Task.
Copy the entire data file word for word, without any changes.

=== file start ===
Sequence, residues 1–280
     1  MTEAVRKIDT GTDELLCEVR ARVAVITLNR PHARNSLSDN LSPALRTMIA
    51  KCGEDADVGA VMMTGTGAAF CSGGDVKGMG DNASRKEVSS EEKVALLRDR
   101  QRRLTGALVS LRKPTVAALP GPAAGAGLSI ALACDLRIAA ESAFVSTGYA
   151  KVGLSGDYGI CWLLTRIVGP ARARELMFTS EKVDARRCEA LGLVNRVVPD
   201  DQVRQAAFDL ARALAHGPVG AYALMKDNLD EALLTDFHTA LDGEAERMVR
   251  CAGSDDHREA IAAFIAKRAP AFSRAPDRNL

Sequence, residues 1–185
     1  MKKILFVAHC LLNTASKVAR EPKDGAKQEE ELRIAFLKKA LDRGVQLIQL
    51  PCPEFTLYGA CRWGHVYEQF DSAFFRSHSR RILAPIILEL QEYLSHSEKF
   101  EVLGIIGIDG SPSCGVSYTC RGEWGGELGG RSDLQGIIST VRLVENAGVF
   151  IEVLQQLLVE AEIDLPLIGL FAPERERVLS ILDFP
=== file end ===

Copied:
Sequence, residues 1–280
     1  MTEAVRKIDT GTDELLCEVR ARVAVITLNR PHARNSLSDN LSPALRTMIA
    51  KCGEDADVGA VMMTGTGAAF CSGGDVKGMG DNASRKEVSS EEKVALLRDR
   101  QRRLTGALVS LRKPTVAALP GPAAGAGLSI ALACDLRIAA ESAFVSTGYA
   151  KVGLSGDYGI CWLLTRIVGP ARARELMFTS EKVDARRCEA LGLVNRVVPD
   201  DQVRQAAFDL ARALAHGPVG AYALMKDNLD EALLTDFHTA LDGEAERMVR
   251  CAGSDDHREA IAAFIAKRAP AFSRAPDRNL

Sequence, residues 1–185
     1  MKKILFVAHC LLNTASKVAR EPKDGAKQEE ELRIAFLKKA LDRGVQLIQL
    51  PCPEFTLYGA CRWGHVYEQF DSAFFRSHSR RILAPIILEL QEYLSHSEKF
   101  EVLGIIGIDG SPSCGVSYTC RGEWGGELGG RSDLQGIIST VRLVENAGVF
   151  IEVLQQLLVE AEIDLPLIGL FAPERERVLS ILDFP